I should probably be honest here and state that the reason I’m writing about this is because I’ve always thought homework was somewhat extra, both when I was a pupil myself and now, as a parent.

As a child and teenager, I used to come home from school feeling I had done enough for my education that day. But I still had to spend another two to four hours working on sums, essays and readings. Now, as a mother, I find myself feeling sorry for my son. I wish he had more time to read books that interest him, to be more artistic, to be more sportive. Instead, he’s stuck doing more work that prepares him for exams but not so much for life.

Now, I don’t want to come off as an unappreciative bitch. I do understand that homework means more work for teachers, too. Believe me, I am the first one to praise teachers’ work and their importance in our society. After all, whether my son becomes an astronaut or a zoologist, it will be mostly thanks to teachers who continued to inspire him and help him in his journey (along with his own motivation and hard-work, and my screaming, and hard-earned cash).

But will it be thanks to homework, really?

Well, before I sat down to blurt out my frustrations, I did some research. It turns out, that in a 2006 meta-analysis by Harris Cooper, a psychology professor at Duke University, suggested there was evidence that homework at an older age (12+) actually makes learners fare better at school and in exams, and that it helps them become more disciplined, inquisitive, and better at solving problems independently.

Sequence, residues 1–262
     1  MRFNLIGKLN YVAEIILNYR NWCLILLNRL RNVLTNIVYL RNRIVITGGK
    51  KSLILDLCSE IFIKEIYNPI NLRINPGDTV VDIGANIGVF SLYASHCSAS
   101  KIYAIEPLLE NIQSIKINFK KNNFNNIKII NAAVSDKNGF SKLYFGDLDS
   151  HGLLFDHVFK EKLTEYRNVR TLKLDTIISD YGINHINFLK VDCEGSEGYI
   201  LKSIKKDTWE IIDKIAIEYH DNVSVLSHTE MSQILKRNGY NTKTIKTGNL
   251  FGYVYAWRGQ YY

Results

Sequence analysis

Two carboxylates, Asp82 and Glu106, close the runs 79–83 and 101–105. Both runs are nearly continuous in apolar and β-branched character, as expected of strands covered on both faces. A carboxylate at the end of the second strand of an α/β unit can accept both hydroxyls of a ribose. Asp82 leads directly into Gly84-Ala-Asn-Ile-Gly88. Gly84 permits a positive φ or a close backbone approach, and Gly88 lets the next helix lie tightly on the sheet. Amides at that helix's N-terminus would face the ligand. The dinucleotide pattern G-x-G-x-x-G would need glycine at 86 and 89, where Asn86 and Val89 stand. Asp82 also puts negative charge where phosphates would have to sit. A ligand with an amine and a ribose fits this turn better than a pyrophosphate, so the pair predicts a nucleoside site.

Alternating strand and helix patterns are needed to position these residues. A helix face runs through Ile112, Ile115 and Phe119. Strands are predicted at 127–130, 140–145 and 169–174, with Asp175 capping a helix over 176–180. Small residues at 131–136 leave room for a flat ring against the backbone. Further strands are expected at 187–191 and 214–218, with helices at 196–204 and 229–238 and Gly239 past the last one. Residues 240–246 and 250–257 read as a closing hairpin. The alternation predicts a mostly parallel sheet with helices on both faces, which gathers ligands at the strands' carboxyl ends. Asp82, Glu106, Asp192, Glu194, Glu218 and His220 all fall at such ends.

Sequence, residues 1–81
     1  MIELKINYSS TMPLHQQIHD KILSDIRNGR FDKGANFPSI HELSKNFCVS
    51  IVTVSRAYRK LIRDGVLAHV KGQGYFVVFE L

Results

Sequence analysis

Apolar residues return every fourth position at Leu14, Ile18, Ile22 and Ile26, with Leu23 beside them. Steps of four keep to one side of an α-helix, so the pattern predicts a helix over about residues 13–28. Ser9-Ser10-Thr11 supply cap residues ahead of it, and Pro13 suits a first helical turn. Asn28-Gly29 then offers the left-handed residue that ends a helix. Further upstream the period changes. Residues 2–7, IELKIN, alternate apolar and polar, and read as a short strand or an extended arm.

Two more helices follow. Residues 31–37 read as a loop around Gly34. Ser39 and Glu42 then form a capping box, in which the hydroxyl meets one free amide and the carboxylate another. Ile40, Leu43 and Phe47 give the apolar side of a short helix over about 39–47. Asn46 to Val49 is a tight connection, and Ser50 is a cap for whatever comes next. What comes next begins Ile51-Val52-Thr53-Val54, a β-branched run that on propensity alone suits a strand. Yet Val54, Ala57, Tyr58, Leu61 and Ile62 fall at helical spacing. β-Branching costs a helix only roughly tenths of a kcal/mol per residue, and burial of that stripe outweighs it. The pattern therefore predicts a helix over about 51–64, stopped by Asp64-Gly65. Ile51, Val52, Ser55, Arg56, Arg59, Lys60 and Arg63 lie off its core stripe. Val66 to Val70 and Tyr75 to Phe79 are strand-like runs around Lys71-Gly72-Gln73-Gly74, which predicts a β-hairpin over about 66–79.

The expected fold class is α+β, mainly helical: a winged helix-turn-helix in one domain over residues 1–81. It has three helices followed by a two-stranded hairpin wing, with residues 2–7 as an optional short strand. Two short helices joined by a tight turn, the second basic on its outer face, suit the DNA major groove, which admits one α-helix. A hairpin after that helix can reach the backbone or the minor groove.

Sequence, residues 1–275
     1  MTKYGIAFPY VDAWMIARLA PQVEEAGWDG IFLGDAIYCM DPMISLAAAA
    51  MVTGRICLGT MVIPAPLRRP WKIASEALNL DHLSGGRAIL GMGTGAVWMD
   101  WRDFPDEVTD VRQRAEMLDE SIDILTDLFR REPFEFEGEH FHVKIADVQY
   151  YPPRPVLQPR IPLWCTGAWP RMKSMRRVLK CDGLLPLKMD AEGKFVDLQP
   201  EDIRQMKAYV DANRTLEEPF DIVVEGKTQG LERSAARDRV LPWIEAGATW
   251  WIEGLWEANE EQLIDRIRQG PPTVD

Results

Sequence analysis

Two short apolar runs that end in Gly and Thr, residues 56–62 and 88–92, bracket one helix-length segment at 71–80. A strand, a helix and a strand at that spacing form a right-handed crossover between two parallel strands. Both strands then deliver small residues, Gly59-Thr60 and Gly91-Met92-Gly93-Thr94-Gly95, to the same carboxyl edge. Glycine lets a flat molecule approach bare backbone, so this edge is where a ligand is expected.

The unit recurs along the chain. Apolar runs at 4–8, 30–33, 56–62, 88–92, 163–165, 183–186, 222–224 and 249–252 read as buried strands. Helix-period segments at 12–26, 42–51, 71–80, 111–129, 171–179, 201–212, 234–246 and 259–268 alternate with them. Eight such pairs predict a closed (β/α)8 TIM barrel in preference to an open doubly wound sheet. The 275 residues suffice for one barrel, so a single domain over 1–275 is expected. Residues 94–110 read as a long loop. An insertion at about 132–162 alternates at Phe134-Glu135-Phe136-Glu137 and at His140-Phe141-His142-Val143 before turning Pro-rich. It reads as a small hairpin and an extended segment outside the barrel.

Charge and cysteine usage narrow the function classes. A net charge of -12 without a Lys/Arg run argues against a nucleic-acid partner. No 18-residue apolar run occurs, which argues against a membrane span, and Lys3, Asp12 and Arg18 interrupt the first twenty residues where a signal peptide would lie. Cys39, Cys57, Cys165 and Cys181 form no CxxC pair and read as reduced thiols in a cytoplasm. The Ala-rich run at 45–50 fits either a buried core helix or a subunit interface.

Having said that, I also found that many experts disagreed and pointed out that evidence of a correlation didn’t necessarily mean the two were linked as cause and effect. “Does homework cause achievement, or do high achievers do more homework?” questioned education professor at University of Missouri-St Louis, Cathy Vatterott.

I am no education expert by any means, and I do not want to dismiss the education, hard-work and knowledge of education experts. God knows I used to hate it when a client tried to explain architecture to me back in my days as an architect. But I also think that certain things, need to be reassessed in a more human way.

I have no doubt that homework will make my son understand algebra and il-forom tal-verbi better – I mean, duh. But, surely, already exhausted from a day at school, the forcing of homework down children and teenagers’ throats is not the best way to get them to learn, is it? Can it really give them an appetite for knowledge? Does it unleash their full potential as human beings – be it scientific, artistic, sportive, vocational, or so on?


Call me out if I’m saying kazzati, honestly. All I’m saying is that while two decades of going to school and doing homework gave me a degree and a very respectable job, it was only when I was not forced to read or research that I actually started becoming interested in learning.

What do you think? Is homework necessary?

Let us know in the comments section below.